Press Releases

Election 2006: Big Wins for Reproductive Rights

Breaking News

1. Hope for the Future

NLIRH would like to thank all of you for getting out there and voting!!! The Democratic Party is now in the majority in the House of Representatives and the Senate after almost 12 years of Republicans claiming the majority. More importantly than which Party is in power, we now have more pro-women, pro-health and pro-choice members. This is an important win for reproductive health advocates.

What does this mean for the next two years?

We must work harder than ever to push our legislators to propose and pass bills that will increase our access to abortion, contraception, breast and cervical cancer screening and HIV/STI testing. It means that we must demand that our legislators amend laws that are detrimental to our reproductive health. Like what? Get out and tell your legislators to amend the Deficit Reduction Act (DRA) provision that requires all mothers to prove their newborn’s citizenship to get Medicaid coverage. This provision decreases access to health care—particularly for undocumented immigrant women and their children.

Our bodies, our right!

It is our right to have access to reproductive health services and no law or bureaucratic procedure should infringe upon this right. Get out today and let your legislator know how you feel about these detrimental federal policies! To learn more about the DRA policy click here.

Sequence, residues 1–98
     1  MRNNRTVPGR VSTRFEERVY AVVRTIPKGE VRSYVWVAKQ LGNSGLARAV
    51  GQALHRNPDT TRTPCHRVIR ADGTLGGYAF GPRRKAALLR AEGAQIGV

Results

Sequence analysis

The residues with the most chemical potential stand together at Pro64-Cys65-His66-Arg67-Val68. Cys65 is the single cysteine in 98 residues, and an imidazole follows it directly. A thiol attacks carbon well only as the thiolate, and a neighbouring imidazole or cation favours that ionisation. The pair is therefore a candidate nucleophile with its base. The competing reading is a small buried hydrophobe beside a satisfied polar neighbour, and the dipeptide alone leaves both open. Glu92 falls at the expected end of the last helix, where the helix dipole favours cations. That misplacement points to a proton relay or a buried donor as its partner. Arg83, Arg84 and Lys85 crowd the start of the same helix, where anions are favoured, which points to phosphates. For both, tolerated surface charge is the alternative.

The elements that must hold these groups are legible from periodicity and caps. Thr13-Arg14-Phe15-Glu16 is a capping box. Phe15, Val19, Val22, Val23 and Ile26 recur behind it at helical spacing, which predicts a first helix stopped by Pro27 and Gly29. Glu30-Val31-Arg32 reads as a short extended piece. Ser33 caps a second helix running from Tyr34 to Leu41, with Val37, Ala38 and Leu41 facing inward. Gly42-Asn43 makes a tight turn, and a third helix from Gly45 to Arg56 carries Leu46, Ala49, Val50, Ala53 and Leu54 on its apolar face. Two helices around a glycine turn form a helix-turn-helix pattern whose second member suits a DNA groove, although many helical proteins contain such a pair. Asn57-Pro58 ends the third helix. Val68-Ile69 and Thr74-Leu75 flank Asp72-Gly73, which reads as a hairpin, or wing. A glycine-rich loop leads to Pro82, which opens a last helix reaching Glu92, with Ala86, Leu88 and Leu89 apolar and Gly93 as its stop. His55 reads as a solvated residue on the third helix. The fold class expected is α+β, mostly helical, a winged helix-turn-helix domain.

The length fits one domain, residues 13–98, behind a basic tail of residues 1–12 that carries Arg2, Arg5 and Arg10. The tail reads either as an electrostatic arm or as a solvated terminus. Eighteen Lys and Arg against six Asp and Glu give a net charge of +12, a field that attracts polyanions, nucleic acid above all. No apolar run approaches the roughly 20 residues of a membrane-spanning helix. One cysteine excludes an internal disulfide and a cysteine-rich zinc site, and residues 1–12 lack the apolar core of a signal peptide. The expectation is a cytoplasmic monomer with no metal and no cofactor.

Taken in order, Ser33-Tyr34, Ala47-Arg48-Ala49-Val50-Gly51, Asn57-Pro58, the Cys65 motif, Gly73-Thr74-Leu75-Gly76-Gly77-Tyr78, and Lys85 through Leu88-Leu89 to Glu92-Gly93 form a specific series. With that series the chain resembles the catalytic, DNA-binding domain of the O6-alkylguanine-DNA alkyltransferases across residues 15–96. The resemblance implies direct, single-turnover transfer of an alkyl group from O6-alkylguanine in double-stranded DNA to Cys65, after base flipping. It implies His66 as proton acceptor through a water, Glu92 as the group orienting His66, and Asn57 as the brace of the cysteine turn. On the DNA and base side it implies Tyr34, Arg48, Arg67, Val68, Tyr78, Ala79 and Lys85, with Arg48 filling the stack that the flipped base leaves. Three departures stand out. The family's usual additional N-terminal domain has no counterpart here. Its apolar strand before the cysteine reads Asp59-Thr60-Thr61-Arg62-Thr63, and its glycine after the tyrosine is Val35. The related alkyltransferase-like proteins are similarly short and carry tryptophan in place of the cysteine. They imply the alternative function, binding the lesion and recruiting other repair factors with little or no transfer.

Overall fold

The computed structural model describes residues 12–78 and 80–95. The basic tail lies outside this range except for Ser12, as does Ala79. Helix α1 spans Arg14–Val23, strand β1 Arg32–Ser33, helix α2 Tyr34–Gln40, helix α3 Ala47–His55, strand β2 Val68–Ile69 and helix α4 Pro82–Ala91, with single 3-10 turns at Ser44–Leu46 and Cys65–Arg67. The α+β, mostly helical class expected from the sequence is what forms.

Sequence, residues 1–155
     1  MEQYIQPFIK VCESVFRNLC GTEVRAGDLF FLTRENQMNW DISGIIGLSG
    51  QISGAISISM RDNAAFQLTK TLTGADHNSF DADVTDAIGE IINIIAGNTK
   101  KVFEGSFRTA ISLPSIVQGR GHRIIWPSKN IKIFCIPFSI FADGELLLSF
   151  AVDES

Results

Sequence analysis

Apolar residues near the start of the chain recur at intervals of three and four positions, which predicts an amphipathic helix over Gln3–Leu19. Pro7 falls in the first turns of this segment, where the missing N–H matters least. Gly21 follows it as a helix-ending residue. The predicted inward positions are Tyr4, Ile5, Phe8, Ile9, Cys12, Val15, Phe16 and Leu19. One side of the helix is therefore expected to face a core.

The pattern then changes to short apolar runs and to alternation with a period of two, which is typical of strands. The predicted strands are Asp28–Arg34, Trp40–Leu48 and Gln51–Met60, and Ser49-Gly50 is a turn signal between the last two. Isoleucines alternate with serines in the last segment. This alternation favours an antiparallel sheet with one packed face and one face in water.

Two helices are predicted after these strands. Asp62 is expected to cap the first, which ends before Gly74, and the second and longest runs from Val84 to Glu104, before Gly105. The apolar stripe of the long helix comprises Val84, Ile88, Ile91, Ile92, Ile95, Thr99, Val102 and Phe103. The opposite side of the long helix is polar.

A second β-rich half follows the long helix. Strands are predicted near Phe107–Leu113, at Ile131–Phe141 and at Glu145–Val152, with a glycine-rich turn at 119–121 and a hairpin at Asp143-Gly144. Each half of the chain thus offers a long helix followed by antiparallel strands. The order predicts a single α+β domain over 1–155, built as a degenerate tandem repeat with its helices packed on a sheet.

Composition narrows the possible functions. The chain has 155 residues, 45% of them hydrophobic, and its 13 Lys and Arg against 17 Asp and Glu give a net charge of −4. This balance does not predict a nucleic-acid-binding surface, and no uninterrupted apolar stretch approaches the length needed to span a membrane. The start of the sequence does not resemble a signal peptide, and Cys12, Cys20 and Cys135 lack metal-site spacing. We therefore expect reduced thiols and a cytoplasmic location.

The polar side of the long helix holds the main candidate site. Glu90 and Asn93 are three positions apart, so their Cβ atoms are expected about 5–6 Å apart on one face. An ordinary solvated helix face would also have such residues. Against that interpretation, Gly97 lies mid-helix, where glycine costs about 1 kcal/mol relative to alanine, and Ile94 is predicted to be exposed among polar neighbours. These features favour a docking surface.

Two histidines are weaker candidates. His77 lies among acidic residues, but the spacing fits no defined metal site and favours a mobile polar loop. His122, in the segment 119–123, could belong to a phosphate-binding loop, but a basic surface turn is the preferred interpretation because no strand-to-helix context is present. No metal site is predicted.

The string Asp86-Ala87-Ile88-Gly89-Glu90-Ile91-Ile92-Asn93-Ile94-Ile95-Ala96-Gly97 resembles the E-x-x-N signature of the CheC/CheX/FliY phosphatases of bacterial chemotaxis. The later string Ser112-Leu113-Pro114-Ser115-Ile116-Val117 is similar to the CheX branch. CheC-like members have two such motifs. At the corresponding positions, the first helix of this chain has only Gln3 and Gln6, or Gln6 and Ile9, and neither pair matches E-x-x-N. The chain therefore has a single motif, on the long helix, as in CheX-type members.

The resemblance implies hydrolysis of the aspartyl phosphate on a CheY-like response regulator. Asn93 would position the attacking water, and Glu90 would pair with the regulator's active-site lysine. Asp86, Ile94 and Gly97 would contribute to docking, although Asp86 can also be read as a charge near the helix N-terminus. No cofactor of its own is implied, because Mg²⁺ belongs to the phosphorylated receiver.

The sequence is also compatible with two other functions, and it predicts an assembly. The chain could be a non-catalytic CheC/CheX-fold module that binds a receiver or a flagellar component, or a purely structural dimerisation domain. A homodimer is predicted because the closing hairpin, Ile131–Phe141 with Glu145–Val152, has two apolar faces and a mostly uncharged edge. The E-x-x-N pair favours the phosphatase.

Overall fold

2. Voters Reject Abortion Ban in South Dakota

South Dakota voters overturned the abortion ban on Tuesday, 55 percent to 45 percent. The South Dakota law would have banned abortions at all stages of pregnancy, including cases of rape and incest. The ban provided for no exception if a woman’s health or life was at risk. The law would have allowed a doctor to perform an abortion if a woman was dying but required the doctor to try to save the life of the fetus as well as the woman.

Latinas’ Right to Abortion Protected?

Yes, to a certain extent. In general, women’s access to abortion is now protected, but the barriers for Latinas’ access still exist: linguistic and cultural barriers, age restrictions and economic limitations. The struggle to have the ban overturned was successful, but there are still many more battles to be won for Latina women’s access to reproductive healthcare!

3. California & Oregon Voters Reject Parental Notification Initiatives

California’s Proposition 85 would have amended the California Constitution to bar abortions for women under 18 until 48 hours after a parent had been notified by the physician. It would have provided exceptions for medical emergencies or with a waiver from a judge. The law would not have required a parent or guardian to consent to the abortion. Congratulations to California Latina's for Reproductive Justice (CLRJ) and all the other groups in CA who worked to defeat this proposition for a second time.

Oregon Voters also defeated a similar ballot iniative!

What does this mean for Latinas?

Californian voters rejecting Proposition 85 is a partial victory in protecting Latina women’s access to safe and legal abortions. Why? Because there is still so much more that needs to be done in safeguarding our reproductive rights, so don’t stop the fight, let your legislator know that it is our bodies, our right!